Event: Mardi Gras
Date: the week up to and including Shrove Tuesday, which falls on 24 February in 1998
The ultimate street party takes place in the nation that lives on the street. For the week building up to the start of Lent, Brazil goes bonkers, with a frenzy of festivities. Some of these are formally organised, notably the huge three-day-long series of parades in Rio, when a dazzling sequence of floats decked with dancers celebrates the virility at the core of Brazil. Elsewhere, "Carnaval" is simply an excuse for reckless indulgence in alcohol, sex and dancing (sometimes, alarmingly, all at once).
Pain/gain ratio: You will not find such an intensity of humanity on any street, anywhere, though the Notting Hill Carnival (below) can come close. Unlike London W11, though, policing seems to be random with a tendency towards non-existence. The thieving classes of Brazil, active at the best of times, enjoy a week of unfettered robbery. People leaving the parade in Rio, at least by the route I took, had no choice but to run a terrifying gauntlet of pickpockets who grabbed at any loose item - and many that were not loose at all. A few days later, in Salvador de Bahia, I was warned by the hotel staff not to venture out while wearing glasses. So, unfortunately, pain outscores gain. Similar thrills and threats apply at the carnivals in Havana and New Orleans.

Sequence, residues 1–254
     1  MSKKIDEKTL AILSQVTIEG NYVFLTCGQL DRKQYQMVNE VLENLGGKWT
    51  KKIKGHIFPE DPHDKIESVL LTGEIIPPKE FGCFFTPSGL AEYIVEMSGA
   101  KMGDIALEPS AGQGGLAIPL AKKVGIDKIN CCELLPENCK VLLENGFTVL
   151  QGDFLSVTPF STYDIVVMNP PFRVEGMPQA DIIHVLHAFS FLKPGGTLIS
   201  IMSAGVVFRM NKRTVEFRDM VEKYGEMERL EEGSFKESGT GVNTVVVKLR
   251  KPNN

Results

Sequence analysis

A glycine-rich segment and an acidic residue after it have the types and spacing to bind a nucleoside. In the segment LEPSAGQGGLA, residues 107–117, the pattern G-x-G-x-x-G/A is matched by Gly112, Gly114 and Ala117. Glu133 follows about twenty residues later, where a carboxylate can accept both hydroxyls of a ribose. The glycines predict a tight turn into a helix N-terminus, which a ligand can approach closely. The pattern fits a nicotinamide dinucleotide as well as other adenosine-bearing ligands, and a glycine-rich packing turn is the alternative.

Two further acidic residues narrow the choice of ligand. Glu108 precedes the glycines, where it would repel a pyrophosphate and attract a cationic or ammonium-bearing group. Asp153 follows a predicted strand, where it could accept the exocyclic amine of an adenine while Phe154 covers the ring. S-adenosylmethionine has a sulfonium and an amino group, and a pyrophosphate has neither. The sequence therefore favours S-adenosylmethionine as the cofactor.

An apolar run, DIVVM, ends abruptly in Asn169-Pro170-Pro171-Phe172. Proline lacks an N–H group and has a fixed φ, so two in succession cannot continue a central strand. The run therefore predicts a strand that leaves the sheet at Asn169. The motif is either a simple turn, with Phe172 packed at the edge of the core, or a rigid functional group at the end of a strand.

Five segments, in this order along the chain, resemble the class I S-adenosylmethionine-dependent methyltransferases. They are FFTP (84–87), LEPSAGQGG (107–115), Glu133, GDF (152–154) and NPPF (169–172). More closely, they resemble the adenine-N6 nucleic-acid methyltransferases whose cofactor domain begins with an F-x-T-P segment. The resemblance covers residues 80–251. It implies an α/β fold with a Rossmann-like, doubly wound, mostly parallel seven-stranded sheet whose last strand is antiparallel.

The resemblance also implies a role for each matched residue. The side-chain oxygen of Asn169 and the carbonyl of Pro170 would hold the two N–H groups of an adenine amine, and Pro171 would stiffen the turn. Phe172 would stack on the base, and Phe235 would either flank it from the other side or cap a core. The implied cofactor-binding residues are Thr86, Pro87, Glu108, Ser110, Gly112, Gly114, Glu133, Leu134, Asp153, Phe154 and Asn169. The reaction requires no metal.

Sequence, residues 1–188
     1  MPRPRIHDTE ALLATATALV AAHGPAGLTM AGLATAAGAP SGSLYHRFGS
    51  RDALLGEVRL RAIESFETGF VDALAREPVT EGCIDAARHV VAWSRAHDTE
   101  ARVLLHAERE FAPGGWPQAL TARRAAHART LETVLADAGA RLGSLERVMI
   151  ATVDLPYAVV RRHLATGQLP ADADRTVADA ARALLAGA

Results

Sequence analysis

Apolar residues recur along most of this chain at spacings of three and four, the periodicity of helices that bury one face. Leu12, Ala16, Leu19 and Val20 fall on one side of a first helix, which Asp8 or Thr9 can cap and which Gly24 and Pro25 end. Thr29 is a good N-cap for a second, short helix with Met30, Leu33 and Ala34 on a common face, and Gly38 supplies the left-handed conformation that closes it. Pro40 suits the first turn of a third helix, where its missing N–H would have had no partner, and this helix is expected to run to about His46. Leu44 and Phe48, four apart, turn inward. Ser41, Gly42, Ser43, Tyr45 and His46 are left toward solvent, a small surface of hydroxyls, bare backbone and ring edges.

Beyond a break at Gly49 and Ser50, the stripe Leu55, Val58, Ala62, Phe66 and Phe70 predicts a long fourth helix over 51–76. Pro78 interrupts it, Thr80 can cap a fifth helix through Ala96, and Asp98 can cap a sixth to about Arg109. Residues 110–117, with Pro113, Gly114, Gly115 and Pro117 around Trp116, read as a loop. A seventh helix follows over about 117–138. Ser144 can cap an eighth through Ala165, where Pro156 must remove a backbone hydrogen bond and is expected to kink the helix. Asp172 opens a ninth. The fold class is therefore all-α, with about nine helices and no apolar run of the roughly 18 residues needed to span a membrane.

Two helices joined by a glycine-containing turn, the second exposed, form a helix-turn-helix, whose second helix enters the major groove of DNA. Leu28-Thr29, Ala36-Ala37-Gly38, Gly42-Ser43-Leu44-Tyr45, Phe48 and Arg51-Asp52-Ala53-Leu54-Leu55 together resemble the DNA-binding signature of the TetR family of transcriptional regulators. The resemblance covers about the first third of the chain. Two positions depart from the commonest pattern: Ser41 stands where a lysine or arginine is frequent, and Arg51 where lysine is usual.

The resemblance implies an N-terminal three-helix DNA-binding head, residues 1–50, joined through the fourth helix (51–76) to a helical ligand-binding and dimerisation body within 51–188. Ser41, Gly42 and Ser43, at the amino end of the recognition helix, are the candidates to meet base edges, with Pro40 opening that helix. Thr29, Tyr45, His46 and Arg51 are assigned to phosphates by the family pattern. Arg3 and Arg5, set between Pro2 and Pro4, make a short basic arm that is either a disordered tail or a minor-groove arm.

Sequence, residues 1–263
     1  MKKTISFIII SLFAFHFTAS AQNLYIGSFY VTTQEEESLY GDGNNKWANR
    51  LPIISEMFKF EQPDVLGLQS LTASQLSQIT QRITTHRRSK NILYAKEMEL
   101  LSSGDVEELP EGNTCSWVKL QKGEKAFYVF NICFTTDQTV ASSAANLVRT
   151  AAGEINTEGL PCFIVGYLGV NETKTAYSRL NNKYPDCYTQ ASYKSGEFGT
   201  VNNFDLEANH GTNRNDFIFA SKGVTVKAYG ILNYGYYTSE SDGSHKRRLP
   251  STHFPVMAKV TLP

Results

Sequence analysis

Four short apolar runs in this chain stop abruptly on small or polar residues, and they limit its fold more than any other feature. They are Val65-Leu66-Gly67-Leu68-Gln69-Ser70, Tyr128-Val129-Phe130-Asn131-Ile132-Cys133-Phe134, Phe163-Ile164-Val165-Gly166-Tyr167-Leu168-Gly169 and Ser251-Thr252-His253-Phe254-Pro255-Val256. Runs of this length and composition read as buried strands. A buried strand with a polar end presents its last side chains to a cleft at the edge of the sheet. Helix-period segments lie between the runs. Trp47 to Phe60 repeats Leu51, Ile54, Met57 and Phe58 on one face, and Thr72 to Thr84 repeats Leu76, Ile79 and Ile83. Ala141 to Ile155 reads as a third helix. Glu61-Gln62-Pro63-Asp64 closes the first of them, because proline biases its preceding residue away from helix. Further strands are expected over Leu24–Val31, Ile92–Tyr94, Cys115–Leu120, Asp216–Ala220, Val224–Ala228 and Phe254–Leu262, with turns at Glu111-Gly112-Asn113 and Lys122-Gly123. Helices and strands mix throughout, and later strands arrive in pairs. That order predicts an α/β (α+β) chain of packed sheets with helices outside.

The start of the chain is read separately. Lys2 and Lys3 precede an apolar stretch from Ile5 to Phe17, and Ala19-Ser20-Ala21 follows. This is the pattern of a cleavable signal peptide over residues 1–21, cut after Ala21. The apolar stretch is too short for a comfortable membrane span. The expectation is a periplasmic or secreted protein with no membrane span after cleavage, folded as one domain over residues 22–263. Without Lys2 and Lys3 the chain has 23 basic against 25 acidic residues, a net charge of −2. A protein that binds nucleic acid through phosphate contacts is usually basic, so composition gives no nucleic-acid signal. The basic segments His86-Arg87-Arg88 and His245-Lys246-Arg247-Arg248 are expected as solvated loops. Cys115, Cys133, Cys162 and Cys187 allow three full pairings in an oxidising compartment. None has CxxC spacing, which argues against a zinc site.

Event: Gay Mardi Gras
Date: February (main parade is on the last day)
All month long, Australia's largest city is the venue for a festival of performing arts, sport and community events. Even though Lent is already under way by the end of the month, on 28 February the streets of Sydney's city centre are given over to a ribald and raunchy celebration for lesbians and gay men at a parade more outrageous than in Rio.
Pain/gain ratio: There has been some controversy about whether "straight" people should attend, so heterosexuals may find the experience not altogether comfortable. But gay participants will find it a solid gold (lame?) no- pain gain.
Event: Easter Sunday
Date: This falls on 12 April in 1998
Poland on Easter Sunday has the unnerving calm of Christmas in Britain 25 years ago. Arriving in Cracow on the Saturday, everywhere is fairly quiet. On the Sunday it feels like not a bird is stirring. The only activity is at every church where, as befits a Catholic country, masses are held almost every hour. Nowhere is open, not even hotel restaurants.
Pain/gain ratio: One visitor ended up in McDonald's for almost the first time in her life. Never was she so grateful for American fast food.
Date: This falls on 13 March in 1998
The festival of colours is essentially a Hindu event but everyone joins in. People rush around splashing each other with coloured powder, everything (shops, offices, even tourist stalls) closes at least until noon, and as the day progresses so does the rowdiness.
Pain/gain ratio: anyone is fair game. If you go out anywhere you must expect to be quickly covered in red, black and green powder (which takes some time to wash off - wear old clothes). In many areas this is very jolly, but some women tourists have complained about being groped at the same time. It's best to avoid going out later in the day when there's often a high level of drunkenness and traffic accidents are frequent in the cities. The real gain during Holi is that, very unusually for India, no one tries to sell you anything.